12 November 2022, Quezon City. Member and partner groups of the EcoWaste Coalition are seeking a more active role for the Commission on Human Rights (CHR) in the pursuit of the right of every Filipino to be protected against hazardous substances.
In a letter initiated by the EcoWaste Coalition and endorsed by over 35 diverse organizations from the three islands, Luzon, Visayas and Mindanao, the groups urged the CHR through Chairperson Richard Palpal-latoc to review and update the Human Rights Advisory it issued on November 14, 2014 expounding on “The People’s Right to Chemical Safety: A Fifteen-Point Human Rights Agenda.”
Among the groups endorsing the EcoWaste Coalition’s letter to CHR were Arugaan, Caritas Philippines, Cavite Green Coalition, Global Alliance for Incinerator Alternatives-Asia Pacific, EcoTeneo, Greenpeace Philippines, Health Care Without Harm-Southeast Asia, Interfacing Development Interventions for Sustainability, International Pollutants Elimination Network-Southeast and East Asia, Mother Earth Foundation, Oceana Philippines, Philippine Earth Justice Center, Philippine Movement for Climate Justice, and the Philippine Rural Reconstruction Movement.
“While recognizing some progress in advancing the people’s right to chemical safety eight years since the said advisory was promulgated, we believe much more needs to be done to protect the people, particularly the vulnerable populations, from the adverse impacts of hazardous substances,” wrote Aileen Lucero, National Coordinator, EcoWaste Coalition.
“We, therefore, urge the CHR to come up with an updated advisory on chemical safety that will reiterate and uphold the people’s right to be protected against hazardous substances in line with the human right to a clean, healthy and sustainable environment,” she said.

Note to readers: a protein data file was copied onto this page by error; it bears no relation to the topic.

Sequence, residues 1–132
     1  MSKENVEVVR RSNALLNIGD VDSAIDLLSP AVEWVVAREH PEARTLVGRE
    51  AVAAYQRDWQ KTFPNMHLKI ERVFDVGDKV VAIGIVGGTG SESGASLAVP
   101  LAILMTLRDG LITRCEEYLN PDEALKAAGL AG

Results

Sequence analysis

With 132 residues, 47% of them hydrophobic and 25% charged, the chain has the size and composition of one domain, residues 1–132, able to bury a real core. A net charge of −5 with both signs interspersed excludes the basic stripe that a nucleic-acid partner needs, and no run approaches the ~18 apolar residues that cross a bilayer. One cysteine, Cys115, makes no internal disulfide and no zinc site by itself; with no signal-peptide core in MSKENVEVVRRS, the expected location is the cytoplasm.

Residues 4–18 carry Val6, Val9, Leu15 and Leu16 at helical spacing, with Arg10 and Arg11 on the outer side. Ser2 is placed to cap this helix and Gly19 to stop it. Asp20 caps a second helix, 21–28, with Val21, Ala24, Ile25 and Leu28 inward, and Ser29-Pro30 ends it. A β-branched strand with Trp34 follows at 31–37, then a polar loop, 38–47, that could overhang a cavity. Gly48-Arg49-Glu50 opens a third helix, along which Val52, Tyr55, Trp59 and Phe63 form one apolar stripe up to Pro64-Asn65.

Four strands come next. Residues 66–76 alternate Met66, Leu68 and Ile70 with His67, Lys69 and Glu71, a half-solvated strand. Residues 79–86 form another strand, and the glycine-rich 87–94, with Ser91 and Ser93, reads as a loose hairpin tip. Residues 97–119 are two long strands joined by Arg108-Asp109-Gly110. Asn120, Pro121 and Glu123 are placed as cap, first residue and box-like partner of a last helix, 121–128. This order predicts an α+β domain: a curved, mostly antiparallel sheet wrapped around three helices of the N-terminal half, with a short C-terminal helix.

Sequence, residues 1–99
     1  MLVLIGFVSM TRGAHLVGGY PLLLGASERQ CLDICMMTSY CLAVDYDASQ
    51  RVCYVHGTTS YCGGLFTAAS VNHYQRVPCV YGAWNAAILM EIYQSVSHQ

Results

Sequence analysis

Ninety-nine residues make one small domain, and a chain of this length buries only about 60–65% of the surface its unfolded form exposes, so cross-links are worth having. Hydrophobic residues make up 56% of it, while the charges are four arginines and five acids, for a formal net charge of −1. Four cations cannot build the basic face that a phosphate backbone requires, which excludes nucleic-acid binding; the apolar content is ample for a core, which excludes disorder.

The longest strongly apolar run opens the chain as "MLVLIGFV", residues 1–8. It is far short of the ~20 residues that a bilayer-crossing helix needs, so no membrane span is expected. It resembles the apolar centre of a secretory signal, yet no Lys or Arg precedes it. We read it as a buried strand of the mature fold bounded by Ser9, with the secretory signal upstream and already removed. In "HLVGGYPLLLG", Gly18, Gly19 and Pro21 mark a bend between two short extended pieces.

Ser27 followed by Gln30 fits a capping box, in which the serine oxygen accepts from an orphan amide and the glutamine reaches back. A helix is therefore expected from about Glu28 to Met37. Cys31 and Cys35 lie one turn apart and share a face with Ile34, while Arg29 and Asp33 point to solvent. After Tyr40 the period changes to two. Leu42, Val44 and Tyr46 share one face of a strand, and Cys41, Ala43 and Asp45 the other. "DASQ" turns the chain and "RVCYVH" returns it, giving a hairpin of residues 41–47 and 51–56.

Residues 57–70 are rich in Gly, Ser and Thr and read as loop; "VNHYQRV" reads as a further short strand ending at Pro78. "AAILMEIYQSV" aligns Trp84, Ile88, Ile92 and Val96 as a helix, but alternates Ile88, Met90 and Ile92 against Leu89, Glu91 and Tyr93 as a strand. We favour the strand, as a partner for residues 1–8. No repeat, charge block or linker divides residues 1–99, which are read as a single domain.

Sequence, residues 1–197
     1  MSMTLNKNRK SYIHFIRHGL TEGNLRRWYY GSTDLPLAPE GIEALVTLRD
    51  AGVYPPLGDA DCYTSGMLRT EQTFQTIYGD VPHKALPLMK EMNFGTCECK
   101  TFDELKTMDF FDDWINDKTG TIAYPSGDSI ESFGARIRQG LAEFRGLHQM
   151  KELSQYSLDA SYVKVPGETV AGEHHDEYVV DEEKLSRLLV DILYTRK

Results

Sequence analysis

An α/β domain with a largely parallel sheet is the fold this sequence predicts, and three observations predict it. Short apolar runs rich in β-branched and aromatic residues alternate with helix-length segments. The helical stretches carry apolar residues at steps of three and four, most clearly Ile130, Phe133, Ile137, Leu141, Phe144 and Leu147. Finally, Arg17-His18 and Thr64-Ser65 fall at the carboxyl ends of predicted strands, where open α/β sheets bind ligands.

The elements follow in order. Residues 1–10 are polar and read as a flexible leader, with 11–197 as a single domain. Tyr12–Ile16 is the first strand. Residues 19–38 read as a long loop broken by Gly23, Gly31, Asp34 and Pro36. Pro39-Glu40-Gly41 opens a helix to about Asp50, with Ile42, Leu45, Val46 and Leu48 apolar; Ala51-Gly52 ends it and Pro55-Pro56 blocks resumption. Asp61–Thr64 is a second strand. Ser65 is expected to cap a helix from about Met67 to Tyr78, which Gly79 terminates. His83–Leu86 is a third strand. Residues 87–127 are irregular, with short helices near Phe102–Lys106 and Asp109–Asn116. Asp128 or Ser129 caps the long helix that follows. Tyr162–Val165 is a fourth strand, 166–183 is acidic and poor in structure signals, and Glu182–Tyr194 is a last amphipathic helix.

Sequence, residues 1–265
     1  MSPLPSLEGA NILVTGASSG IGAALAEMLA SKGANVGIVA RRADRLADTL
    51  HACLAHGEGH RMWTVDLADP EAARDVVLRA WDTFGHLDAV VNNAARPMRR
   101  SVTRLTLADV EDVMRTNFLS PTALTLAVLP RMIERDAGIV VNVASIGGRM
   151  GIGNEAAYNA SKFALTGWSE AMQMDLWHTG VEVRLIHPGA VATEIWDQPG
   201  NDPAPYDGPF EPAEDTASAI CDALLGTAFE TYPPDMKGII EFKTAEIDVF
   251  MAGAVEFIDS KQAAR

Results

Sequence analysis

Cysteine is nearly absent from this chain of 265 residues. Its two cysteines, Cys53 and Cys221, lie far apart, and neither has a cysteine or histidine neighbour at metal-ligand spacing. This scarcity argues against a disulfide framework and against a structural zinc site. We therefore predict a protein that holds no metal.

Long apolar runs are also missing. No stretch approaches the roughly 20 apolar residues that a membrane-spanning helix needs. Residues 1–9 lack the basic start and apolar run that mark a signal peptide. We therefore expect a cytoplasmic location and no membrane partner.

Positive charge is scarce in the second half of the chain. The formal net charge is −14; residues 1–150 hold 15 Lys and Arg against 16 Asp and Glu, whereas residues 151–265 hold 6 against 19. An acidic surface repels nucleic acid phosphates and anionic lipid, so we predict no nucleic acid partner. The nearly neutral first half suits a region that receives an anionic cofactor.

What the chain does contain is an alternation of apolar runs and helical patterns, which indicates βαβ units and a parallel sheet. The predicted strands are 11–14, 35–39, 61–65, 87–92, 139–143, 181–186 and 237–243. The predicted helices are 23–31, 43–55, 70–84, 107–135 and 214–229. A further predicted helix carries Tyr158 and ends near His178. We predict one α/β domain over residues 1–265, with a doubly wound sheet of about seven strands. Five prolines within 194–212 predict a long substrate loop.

The timely issuance of the advisory, she added, can put the spotlight on the need to ensure a non-toxic environment for present and future generations, particularly as countries develop an instrument on plastic pollution addressing the full and toxic life cycle of plastic, and as they elaborate the future framework and arrangements for the Strategic Approach to International Chemicals Management (SAICM).
Signed by then CHR Chairperson Loretta Ann Rosales and three other commissioners, the said advisory called “for health-based and human rights-based policies on chemicals in the Philippines that will guarantee our people’s right to chemical safety, taking into consideration the integrated life cycle approach, the precautionary principle and the public’s right to know and meaningful participation.”
Since it was issued, the government has implemented policies and measures advancing the people’s right to chemical safety, including banning lead in all types of paints (which eventually won the Future Policy Award, special category on lead paint, in 2021); phasing out mercury-added products, including mercury use in dental restorative procedures; prohibiting household pesticides containing chlorpyrifos and dichlorvos; revising the chemical control order (CCO) for mercury and issuing new CCOs for some priority chemicals such as arsenic, cadmium, and hexavalent chromium; and implementing the globally harmonized system of chemical classification and labeling or GHS, the groups noted.
Also, the CHR itself in May 2022 released the unprecedented “National Inquiry on Climate Change Report,” which, as noted by Greenpeace Philippines, “established that climate change affects the full scope of human rights of the Filipino people (including the) rights to life, food, water, sanitation, and health, and collective rights to food security, development, self-determination, preservation of culture, equality, and non-discrimination.”
However, many of the recommended actions in the said Human Rights Advisory have yet to be realized, including the establishment of mandatory and publicly accessible Pollutant Release and Transfer Registers (PRTRs); the adoption of alternative agricultural practices using natural and organic materials and processes; the ratification of the Basel Convention Ban Amendment; and the active promotion of Zero Waste resource management sans polluting technologies.
The groups likewise noted that numerous studies published during the last eight years point to the urgency of addressing toxic chemical components in plastics, which can pose harm to human health and the ecosystems and hinder a shift to a zero waste and toxics-free circular economy.
Some of the “substances of concern” used in the manufacture of plastics include bisphenols and nonylphenols, flame retardants, heavy metals, perfluorinated chemicals, phthalates and ultra-violet stabilizers that are often undisclosed in product labels, depriving the public of their right to know and make informed decisions.